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The Spice is Right

Staying true to flavors from the region they came from, Tandoori Guys’ imaginative cooking emphasizes clean textures, complex flavor pairings and an array of delicious traditional Indian food.

Article
Donna Leahey
Photos
Valerie Grant
Posted
December 29, 2017

When Patchaiappan Murugavel was a young boy in India, his grandma made a special soup for him whenever he got sick. It was filled with fresh, healthful aromatic spices, flavor, and love. That same soup, made with the same care and attention, is available at Tandoori Guys Authentic Indian Buffet in Broken Arrow.

Before you even step inside Tandoori Guys, you’re steeped in traditional Indian culture. You pass over a rangoli, a lovely bit of artwork traditionally drawn outside of homes using rice flour, other types of flour or chalk, and colored powders. They are thought to bring good fortune. Inside, the restaurant is filled with the scent of traditional Indian spices like cumin, fennel, chili powder, ginger, cardamom, and more. Next to the doorway into the dining room is a quote about accepting change. “Whatever happened, happened for the good; whatever is happening, is happening for the good; whatever will happen, will also happen for the good only,” it says in part.

Neat rows of tables along the walls and the center guide you to your goal: the buffet. The smell of the spices, the colorful display, and the copious choices beckon you to grab a plate and dig in.

Murugavel trained in hotel management in India. After a 10-year career in restaurants and hotels there, he came to Tulsa, where he spent five more years in the restaurant business. He opened Tandoori Guys with his co-owners Raja Ramalingam and Takhir Ismailov in July. “Business has been good,” Murugavel says. “People seem to really love it.”

Dosa with Chutney and Sambar (Photo: Valerie Grant)
Dosa with Chutney and Sambar (Photo: Valerie Grant)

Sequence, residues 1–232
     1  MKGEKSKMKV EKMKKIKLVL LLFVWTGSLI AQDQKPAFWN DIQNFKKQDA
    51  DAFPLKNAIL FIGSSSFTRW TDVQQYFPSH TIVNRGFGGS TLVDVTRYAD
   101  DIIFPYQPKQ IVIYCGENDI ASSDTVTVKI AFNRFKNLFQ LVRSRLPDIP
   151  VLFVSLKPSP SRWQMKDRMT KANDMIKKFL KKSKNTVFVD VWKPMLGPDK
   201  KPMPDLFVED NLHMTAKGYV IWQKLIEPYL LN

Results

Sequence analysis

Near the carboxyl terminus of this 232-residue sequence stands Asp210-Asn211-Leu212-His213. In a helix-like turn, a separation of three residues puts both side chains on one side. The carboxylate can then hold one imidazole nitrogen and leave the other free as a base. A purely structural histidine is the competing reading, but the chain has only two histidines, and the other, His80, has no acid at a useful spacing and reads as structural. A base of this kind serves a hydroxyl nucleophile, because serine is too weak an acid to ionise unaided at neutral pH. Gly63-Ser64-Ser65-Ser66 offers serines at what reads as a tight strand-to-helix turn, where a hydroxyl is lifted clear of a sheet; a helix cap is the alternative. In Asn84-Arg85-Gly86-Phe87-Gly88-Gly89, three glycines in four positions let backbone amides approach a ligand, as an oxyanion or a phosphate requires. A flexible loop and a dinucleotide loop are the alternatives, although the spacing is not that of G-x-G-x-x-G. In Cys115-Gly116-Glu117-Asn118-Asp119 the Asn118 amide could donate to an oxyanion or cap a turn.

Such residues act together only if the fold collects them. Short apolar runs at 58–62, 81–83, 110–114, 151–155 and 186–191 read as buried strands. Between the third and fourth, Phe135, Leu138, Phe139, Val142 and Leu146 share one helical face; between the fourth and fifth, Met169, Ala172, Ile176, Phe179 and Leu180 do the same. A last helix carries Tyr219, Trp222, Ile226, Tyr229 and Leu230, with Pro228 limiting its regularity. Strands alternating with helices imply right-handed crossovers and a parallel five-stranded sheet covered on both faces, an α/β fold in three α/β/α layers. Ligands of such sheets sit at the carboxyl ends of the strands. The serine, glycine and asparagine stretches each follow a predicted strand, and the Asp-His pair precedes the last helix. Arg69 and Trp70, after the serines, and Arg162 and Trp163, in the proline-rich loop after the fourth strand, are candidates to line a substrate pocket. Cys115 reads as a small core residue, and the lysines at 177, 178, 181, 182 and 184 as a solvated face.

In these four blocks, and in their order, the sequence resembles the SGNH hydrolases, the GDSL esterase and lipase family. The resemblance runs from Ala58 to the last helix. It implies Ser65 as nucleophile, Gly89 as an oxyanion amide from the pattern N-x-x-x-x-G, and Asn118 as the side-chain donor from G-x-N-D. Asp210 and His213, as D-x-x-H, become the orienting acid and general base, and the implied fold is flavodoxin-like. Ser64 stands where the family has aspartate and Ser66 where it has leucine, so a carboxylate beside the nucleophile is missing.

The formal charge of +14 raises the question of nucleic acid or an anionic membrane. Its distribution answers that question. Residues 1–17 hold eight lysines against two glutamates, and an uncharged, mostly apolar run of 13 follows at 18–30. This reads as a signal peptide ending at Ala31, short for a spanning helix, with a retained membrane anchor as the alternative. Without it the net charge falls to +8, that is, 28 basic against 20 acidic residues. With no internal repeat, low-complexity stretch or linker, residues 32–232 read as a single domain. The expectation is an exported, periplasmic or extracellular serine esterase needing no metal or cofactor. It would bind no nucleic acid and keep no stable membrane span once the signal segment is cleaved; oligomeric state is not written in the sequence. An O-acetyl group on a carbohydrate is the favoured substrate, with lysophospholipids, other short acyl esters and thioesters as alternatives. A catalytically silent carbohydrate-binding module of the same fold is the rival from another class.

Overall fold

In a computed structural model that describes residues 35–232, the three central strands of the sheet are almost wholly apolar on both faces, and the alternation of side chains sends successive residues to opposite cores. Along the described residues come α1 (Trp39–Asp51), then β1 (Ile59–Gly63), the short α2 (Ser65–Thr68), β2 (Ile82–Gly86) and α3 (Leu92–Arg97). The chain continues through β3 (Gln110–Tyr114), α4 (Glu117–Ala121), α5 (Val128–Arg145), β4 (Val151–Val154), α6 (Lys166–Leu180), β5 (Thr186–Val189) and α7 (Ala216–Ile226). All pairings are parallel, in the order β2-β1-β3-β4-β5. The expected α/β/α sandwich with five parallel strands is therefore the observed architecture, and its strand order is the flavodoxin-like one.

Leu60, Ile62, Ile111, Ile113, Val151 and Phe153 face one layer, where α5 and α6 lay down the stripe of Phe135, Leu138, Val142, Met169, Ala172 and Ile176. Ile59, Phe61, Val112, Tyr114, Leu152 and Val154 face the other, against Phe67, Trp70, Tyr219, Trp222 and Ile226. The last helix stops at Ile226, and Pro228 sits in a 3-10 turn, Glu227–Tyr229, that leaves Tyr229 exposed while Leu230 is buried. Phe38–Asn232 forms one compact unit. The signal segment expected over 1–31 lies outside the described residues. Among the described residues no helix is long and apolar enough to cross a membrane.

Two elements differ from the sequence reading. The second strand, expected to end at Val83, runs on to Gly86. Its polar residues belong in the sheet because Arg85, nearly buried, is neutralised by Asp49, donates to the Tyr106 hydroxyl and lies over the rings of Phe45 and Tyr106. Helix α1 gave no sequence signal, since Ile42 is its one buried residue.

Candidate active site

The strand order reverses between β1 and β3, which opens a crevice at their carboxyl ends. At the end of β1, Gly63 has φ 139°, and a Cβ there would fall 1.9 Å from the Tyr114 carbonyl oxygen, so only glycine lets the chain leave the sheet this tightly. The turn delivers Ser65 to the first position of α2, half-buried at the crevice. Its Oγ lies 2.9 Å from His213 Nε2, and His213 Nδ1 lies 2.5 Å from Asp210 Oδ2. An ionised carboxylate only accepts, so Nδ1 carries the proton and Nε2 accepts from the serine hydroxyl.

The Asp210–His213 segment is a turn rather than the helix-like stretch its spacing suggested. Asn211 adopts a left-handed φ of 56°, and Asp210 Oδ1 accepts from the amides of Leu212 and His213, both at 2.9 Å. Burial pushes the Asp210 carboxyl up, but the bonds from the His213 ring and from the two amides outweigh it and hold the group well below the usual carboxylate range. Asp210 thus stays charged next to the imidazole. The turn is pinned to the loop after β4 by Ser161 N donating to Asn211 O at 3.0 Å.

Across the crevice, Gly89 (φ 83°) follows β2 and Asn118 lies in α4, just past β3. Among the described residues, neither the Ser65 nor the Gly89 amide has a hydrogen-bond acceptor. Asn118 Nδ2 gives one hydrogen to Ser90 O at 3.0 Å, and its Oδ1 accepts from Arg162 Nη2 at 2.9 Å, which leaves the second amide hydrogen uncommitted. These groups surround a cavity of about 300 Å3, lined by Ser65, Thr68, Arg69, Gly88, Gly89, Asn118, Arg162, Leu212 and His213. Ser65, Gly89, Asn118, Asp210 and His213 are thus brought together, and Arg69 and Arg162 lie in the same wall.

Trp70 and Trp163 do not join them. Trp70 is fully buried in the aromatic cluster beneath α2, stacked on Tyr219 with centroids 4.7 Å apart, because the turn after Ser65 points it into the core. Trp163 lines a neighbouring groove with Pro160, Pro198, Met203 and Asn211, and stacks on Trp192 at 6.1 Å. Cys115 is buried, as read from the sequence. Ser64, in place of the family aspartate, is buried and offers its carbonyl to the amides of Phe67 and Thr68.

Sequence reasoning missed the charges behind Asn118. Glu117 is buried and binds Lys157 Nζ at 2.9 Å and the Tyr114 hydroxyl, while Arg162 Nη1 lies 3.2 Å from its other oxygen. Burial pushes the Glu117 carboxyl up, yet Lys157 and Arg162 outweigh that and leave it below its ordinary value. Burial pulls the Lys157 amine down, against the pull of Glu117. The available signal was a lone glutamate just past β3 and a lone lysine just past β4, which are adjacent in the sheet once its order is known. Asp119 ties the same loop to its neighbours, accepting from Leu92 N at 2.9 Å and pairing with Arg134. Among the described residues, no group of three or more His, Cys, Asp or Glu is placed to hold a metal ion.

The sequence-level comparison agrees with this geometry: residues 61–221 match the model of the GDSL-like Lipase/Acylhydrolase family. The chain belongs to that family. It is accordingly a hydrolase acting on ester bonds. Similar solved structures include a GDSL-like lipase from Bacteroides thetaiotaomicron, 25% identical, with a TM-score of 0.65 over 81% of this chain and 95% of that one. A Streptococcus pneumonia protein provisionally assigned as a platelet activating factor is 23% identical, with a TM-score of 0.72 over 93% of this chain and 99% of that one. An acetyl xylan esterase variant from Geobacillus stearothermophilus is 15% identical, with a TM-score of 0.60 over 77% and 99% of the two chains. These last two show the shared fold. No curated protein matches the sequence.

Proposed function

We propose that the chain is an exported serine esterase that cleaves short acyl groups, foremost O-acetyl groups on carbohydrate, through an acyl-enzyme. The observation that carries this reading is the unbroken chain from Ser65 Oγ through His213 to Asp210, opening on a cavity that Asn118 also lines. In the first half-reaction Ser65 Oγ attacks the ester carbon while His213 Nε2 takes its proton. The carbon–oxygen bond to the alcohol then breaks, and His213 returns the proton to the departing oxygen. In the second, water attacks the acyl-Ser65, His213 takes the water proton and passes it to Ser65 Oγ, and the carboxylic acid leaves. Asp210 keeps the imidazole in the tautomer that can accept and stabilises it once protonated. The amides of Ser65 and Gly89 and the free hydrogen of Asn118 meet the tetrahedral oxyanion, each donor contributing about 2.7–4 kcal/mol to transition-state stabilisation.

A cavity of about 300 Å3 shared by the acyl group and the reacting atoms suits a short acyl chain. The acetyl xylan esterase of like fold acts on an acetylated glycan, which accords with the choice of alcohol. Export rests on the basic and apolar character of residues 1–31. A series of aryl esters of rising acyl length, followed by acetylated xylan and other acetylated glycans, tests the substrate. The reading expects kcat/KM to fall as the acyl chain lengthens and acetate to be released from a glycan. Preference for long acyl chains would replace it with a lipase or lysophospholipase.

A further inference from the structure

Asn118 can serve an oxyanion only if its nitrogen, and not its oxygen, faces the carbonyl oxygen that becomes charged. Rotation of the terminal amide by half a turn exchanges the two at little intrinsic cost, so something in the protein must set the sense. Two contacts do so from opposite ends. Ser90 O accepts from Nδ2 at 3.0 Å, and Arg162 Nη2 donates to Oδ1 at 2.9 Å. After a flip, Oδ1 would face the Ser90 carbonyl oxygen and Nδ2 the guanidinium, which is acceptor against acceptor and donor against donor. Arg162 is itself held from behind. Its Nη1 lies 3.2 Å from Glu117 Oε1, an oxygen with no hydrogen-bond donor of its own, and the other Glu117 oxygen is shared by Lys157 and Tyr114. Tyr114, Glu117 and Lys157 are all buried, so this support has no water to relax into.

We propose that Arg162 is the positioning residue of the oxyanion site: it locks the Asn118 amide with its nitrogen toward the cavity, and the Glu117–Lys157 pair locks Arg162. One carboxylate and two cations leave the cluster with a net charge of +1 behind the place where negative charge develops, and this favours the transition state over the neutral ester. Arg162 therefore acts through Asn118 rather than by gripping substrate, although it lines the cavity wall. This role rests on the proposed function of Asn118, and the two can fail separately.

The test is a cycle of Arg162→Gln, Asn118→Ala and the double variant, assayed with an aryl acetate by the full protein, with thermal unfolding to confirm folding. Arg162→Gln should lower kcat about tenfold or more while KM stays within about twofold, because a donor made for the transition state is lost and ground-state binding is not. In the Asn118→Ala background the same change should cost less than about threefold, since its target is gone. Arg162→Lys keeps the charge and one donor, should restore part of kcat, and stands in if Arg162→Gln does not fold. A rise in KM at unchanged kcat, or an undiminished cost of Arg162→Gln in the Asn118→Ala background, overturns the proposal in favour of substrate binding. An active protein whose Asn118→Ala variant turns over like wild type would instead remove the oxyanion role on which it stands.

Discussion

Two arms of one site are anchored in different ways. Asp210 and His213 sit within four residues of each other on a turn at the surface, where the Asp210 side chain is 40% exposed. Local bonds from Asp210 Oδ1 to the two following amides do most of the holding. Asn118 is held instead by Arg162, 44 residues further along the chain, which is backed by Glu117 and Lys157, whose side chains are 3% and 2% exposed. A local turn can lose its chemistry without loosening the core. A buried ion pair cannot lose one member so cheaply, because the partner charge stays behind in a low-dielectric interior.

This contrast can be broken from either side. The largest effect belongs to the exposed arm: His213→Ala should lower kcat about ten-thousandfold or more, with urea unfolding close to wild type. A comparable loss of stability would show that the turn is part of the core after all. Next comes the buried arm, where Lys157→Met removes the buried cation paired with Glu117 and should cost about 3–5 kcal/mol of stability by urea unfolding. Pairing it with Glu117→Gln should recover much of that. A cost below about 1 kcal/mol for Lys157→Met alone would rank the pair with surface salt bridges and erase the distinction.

The traditional, healthy home-cooked style at Tandoori Guys is based on the cuisine of southeast India. “Just like here, there are different styles in India, mostly the spices. In Pondicherry [India], where I’m from, it’s more garlic. It’s the same spices as other regions but more or less chili, more or less cumin in a dish.” Every spice has a reason to be in each dish and every sauce is different.

Tandoori Guys takes its name from the tandoor, a traditional type of clay oven, heated with a charcoal or wood fire that can reach temperatures of up to 900 degrees Fahrenheit. Everything from naan bread to chicken tikka can be cooked inside one of these tandoors, making the food tender and taking on the flavor of the smoke.

Tandoori Guys’ food is never frozen, and cooked fresh daily in the traditional style, with the traditional spices. “My grandma told me spices like garlic, pepper, and turmeric are medicine. Turmeric is a super food,” says Murugavel.

The soup that Murugavel’s grandma would make for him is rasam, and packs more flavor than you’d ever expect out of a bowl. The broth is rich and flavored with all the important spices of Indian cuisine: garlic, pepper, red chili, asafoetida. Be sure to pick up a cup as you start down the line. The specific food items change every day, but you can almost always find biryani chicken, which is a savory dish of rice, spices, and chicken.

Indian Coffee (Photo: Valerie Grant)
Indian Coffee (Photo: Valerie Grant)

The chicken tikka masala is Tandoori Guys' signature dish, and it deserves that title. The rich, creamy orange sauce surrounds tender chunks of chicken. The flavor hits all the right notes, with a medley of those classic aromatic Indian spices that have been tempting you since you walked in.

If you find gobi on the buffet line, be sure to grab some. The bright red chunks are a spicy, deep-fried cauliflower. They’re lightly crispy with just a little heat to sizzle your taste buds.

Be sure to ask about traditional drinks like mango lassi, rose milk, madras coffee, or masala chai tea. “The chai tea is not like what you’d find at Starbucks. It’s made with ginger, cardamom, and cinnamon stick with tea powder and milk,” Murugavel explains.

The buffet also comes with dosa, which is like a crisp and savory crepe. Dosa is made from a fermented batter of rice and black lentil and cooked on the grill. The dosa is beautiful in preparation and a wonderful accompaniment to your meal.

The buffet changes daily, and may include chettinad chicken, tandoori chicken, beef kofta korma, naan, channa masala, saag paneer, spicy mixed vegetable manchurian, gulab jumun, tomato chutney, coconut chutney, and mint chutney.

By its nature, Indian cuisine is vegetarian and vegan friendly, but the buffet goes vegan every Thursday evening. Wednesday evening is seafood night, with a special emphasis on seafood dishes. Friday through the weekend, the buffet emphasizes popular Indian street food like samosas, panipuri, and other popular snacks.

Tandoori Guys would love to cater for you, or host your next event. There is a private dining room that can seat 25-30 people. 

LOCATOR
Tandoori Guys
2039 W. Houston St. | Broken Arrow
918-893-2450
tandooriguysba.com
Monday: Closed
Tuesday-Thursday: 11 a.m.-9 p.m.
Friday-Saturday: 11 a.m.-10 p.m.
Sunday: 11 a.m.-9 p.m.

March 2019 Cover